Egypt Exploration Fund [Hrsg.]
Archaeological report: comprising the work of the Egypt Exploration Fund and the progress of egyptology during the year ... — 1902-1903

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Egypt Exploration Fund.

other side a long Coptic contract. Another contained the beginning of
St. Matthew's Gospel in Sahidic, a third accounts in Coptic, while several
had been nsed for exercises in writing. A fragment of embroidered cloth
■containing (a) three figures, two of which are holding their heads over the
third with Apx^ew; {sic) written above, (b), below (a), the upper portions
of two figures, inscribed above IlapaSaTov (or IIapa/3aTov) and Ap^t\X€co<;
respectively, is now in the South Kensington Museum.

Above Qarara, the next point of interest on the east bank is the so-called
cemetery of SharSna, which really belongs to Kom el Ahmar, the site of an
old town close to the river now marked by a mill and an Arab ezbeh, about
three miles south of the village of Sharona. The ruins of a temple of
Ptolemy I. which once stood here have been carried away for building
purposes, and the remains of the town have been removed by sebakhtn:
but the edge of the adjoining desert is thickly studded with tombs, either
■chambers in the sides of rocky eminences or shaft-tombs on the tops, with
a large rock-tomb containing fine sculptures of the Vlth Dynasty. The
necropolis covers a very long period, but most of the tombs have been
plundered. Within a few yards of the cultivated land and only a couple
■of feet from the surface were two burials of, probably, the Illrd Dynasty,
in one of which were found an alabaster dish, two alabaster vases and one
of limestone, and an earthenware pot (in the Cairo Museum), in the other
a, similar alabaster dish, a vase and small bowl of alabaster, two red, highly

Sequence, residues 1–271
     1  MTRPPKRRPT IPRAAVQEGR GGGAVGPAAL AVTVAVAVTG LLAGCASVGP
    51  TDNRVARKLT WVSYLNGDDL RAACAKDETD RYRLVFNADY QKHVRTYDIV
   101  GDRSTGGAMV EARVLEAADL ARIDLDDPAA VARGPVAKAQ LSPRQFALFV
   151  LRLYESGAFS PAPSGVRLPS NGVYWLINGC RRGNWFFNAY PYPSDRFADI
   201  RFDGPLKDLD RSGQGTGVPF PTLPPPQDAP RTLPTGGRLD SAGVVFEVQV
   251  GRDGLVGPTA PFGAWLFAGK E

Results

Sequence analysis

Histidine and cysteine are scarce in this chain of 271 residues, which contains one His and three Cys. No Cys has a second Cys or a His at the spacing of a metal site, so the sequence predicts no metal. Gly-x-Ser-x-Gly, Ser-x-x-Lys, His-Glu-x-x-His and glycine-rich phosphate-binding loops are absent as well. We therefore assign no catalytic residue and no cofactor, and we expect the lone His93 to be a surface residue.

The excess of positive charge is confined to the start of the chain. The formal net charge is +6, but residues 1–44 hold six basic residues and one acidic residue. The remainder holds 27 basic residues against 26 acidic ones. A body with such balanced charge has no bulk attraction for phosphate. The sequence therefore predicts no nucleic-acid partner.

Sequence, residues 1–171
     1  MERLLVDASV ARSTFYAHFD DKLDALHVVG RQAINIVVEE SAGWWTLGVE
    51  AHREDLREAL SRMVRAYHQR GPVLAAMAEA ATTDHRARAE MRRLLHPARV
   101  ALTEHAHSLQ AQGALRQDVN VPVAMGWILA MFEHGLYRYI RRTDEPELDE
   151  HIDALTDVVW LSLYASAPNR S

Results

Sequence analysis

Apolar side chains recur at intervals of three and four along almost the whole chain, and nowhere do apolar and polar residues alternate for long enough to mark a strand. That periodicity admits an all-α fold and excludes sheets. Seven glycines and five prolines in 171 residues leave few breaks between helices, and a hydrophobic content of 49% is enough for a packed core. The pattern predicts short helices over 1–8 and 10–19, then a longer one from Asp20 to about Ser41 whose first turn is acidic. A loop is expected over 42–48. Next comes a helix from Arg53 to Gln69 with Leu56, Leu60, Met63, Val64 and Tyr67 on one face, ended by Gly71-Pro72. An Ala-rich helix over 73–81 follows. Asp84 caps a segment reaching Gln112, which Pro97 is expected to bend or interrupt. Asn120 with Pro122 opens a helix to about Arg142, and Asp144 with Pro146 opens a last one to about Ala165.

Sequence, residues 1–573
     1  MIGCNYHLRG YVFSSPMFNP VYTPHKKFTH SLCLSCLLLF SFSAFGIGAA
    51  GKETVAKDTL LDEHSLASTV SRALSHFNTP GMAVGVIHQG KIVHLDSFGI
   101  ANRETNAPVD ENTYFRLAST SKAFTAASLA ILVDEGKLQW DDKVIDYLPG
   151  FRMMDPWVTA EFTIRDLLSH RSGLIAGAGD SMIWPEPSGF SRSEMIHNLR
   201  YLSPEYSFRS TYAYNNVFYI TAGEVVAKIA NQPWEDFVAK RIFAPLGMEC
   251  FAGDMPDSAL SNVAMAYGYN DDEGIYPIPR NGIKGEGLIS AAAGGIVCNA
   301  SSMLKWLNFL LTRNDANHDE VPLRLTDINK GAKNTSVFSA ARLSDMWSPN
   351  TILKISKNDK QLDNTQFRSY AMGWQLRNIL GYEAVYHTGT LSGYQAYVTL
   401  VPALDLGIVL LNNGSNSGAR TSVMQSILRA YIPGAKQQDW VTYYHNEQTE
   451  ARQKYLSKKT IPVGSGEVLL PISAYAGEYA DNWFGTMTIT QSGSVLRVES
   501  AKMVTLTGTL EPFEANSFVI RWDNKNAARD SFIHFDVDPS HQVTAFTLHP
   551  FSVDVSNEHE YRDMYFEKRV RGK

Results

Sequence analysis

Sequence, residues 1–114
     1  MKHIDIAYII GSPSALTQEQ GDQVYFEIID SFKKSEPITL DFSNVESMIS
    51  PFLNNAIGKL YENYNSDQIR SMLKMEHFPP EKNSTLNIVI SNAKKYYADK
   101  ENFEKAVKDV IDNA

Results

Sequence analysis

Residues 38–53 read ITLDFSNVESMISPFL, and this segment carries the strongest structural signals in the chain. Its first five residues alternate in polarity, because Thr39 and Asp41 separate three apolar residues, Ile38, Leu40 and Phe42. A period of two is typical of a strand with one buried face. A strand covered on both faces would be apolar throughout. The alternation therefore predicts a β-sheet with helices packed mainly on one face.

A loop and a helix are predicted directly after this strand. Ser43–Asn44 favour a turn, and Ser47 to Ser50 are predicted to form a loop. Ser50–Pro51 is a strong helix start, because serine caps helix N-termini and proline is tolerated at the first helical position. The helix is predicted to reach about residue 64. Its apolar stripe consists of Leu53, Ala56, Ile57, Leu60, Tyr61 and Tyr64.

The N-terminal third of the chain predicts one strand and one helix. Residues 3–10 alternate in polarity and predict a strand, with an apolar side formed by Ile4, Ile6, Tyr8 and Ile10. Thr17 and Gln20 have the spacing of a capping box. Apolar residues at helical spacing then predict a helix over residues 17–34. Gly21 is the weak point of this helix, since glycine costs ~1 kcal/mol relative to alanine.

polished pots, and another of rougher ware ; see the Frontispiece. A stela
of an official of, probably, the Vlth Dynasty, called Beba, was discovered
in situ, let into the wall of a small rock chamber.* From the other
tombs, which were chiefly of the late New Empire, we obtained a few
scarabs and amulets, and there were also some burials of the Ptolemaic
period, in one of which were found some scraps of papyrus cartonnage.
Put owing to the proximity of the cultivated land the ground was not dry
enough to offer any prospect of good finds of papyrus.

From Kom el Ahmar it is seven miles to the cemetery of Cynopolis,
which is situated in an isolated range of low hills three miles south-east of
the village of Shekh Fadl, itself half a mile from the town growing up
round the sugar factories on the river bank. The northern part of the
necropolis is ancient Egyptian, and the majority of the tombs seem to be of
the late New Empire. Pock-chambers greatly preponderate over shaft-
graves. The central portion is occupied by a long row of large dog-mummy
tombs, which were cleared out some twenty-five years ago and the contents

* The stela names " Anubis, lord of Het-benu." Thus Het-benu may be placed at
or near Sharona.—Ed.
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